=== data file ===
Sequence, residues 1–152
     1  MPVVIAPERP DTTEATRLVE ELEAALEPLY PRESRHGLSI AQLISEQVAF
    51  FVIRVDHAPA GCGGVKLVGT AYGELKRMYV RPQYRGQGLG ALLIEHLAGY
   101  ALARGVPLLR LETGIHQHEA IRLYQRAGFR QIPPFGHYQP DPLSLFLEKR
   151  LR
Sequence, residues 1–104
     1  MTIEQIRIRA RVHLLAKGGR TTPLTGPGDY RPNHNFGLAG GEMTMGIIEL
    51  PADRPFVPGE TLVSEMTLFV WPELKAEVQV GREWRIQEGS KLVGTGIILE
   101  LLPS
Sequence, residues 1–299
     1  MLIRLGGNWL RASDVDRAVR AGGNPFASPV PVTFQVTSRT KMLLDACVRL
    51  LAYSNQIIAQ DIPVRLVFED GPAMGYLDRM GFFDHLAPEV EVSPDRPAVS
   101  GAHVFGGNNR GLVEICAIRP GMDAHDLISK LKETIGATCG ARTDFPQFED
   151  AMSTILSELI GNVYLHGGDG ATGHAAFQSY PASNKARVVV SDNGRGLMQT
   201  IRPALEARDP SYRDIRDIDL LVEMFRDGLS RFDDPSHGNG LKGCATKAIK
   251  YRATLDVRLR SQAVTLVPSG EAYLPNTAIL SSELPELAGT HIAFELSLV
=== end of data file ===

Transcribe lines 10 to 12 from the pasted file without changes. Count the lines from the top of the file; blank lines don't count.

Sequence, residues 1–299
     1  MLIRLGGNWL RASDVDRAVR AGGNPFASPV PVTFQVTSRT KMLLDACVRL
    51  LAYSNQIIAQ DIPVRLVFED GPAMGYLDRM GFFDHLAPEV EVSPDRPAVS